**PETZOLD BOOK BLOG**

Recent Entries | ||

< Previous | Browse the Archives | Next > |

Subscribe to the RSS Feed |

December 18, 2006

Roscoe, NY

Yesterday I showed you two square cuboids in a WPF 3D XAML file that had very different types of shading on their surfaces, and I said that this difference basically had to do with the *Normals* property of the *MeshGeometry3D* class. If you don't define a *Normals* collection, WPF will calculate values for you.

Here are two more square cuboids:

The XAML file is here:

These two figures are defined nearly identically, and they are illuminated by the same *DirectionalLight* object. But look at the intensity of the upper-left-front vertex of each figure. Using my
little WhatColor utility, I read a decimal RGB value of about 0-0-180 on the vertex of the figure on the left, and about 0-0-248 on the figure on the right. That's a significant difference considering that you really have to dig into the file to figure out exactly what's causing it.

As you know, everything in WPF 3D is built up from triangles. Each of the six sides of these two figures consists of two symmetrical triangles that together form a rectangle. There are basically two ways you can make a rectangle from two triangles:

And yes, it makes a difference. In the XAML file, look at the 1st and 3rd lines of the two *TriangleCoordinates* collections. The first line indicates the indices within the *Positions* collection of the coordinates of the two triangles that comprise the front face of the square cuboid. The third line of the *TriangleCoordinates* property involves the top face. These triangles are defined differently in the two figures, and that difference is what causes the difference in the intensity of that upper-left-front vertex.

When the WPF 3D system renders each triangle, it must determine how much light is reflected from that triangle. For *DirectionalLight*, the calculation is based on the angle the light makes with the figure. This calculation requires the determination of a vector perpendicular to the surface of the figure, called a *normal* vector. This normal vector is fairly easy to calculate: The three vertices of the triangle define two vectors, and taking the cross product of those vectors yields the normal vector. The amount of reflected light is then proportional to the negative cosine of the angle between the normal vector and the direction of the light. (If the normal vector and the light-direction vector are both normalized, then this is the same as the negative dot product.)

For example, look at the second figure on the right from
yesterday's blog entry. The *DirectionalLight* has a *Direction* vector of (2, -4, -1). The normal vector of the front face of the square cuboid is (0, 0, 1). The negative cosine of the angle between these vectors is 0.22. Therefore the front face reflects 22% of the directional light. (Because the brush is blue, only blue light is reflected.) 22% of 255 is 56. Add 64 for the *AmbientLight*. The front face should have an RGB value (in decimal) of 0-0-110, and WhatColor says that it's actually 0-0-109.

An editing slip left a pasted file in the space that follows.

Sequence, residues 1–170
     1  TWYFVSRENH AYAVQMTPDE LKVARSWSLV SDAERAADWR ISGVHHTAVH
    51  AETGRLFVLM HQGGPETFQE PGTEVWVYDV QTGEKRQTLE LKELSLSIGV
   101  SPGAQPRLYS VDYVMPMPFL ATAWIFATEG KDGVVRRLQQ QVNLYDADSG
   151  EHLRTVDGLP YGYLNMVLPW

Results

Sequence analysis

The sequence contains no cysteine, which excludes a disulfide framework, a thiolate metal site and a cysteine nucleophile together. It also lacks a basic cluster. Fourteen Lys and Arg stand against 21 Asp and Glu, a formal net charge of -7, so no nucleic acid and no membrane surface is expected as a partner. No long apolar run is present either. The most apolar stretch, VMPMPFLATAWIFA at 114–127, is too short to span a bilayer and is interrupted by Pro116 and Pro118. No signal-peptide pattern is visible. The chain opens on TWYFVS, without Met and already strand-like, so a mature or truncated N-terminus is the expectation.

That's the case for individual triangles, or when multiple triangles form a flat surface (as in the second figure from Saturday's blog entry). When multiple triangles meet at common vertices at angles, it gets considerably more complicated. Basically, WPF 3D calculates a normal *for each vertex* of the figure. Vertices don't seem to have normals, but the WPF calculates a vertex normal as an average of all the normals of all the triangles that meet at that vertex. Then, for each point within the triangle, the reflected light is an interpolation of the reflected light at the three vertices of the triangle.

For example, consider the upper-left-front vertex of the first figure from today's XAML file. Four triangles meet at that vertex — one from the left face, one from the top face, and two from the front face. The normal vectors of these faces are, respectively, (-1, 0, 0), (0, 1, 0), and two times (0, 0, 1), for a total of (-1, 1, 2). The *DirectionalLight* vector is (2, -4, -1). There is no ambient light. The negative cosine of the angle between (-1, 1, 2) and (2, -4, -1) is 0.71, and 71% of 255 is 181, so the RGB color of that vertex should be (in decimal) 0-0-181. That about matches what I found empirically.

In the second figure, four triangles again meet at that vertex — one from the left face, two from the top face, and one from the front face. The normal vectors are (-1, 0, 0), two times (0, 1, 0), and (0, 0, 1) for a total of (-1, 2, 1). The negative cosine of the angle between (-1, 2, 1) and the *DirectionalLight* vector of (2, -4, -1) is 0.98, which when multiplied by 255 is 250, for an RGB value of 0-0-250, or about what I found empirically.

Fortunately, everything that's happening here is deterministic and not very complex. Yet, if you don't know how WPF 3D is calculating these vertex normals, it can seem very mysterious and unpredictable. Because the illumination of each point in each triangle is calculated as an interpolation of the illumination of the vertices, sometimes edge enhancement is apparent, and sometimes not. Sometimes bright accented lines cut across the diagonal of a flat rectangular surface, and sometimes not.

What this tells me is that providing an explicit *Normals* property is crucial if you don't want the illumination of your 3D figures to have the often haphazard results of the default calculation.

(c) Copyright Charles Petzold

www.charlespetzold.com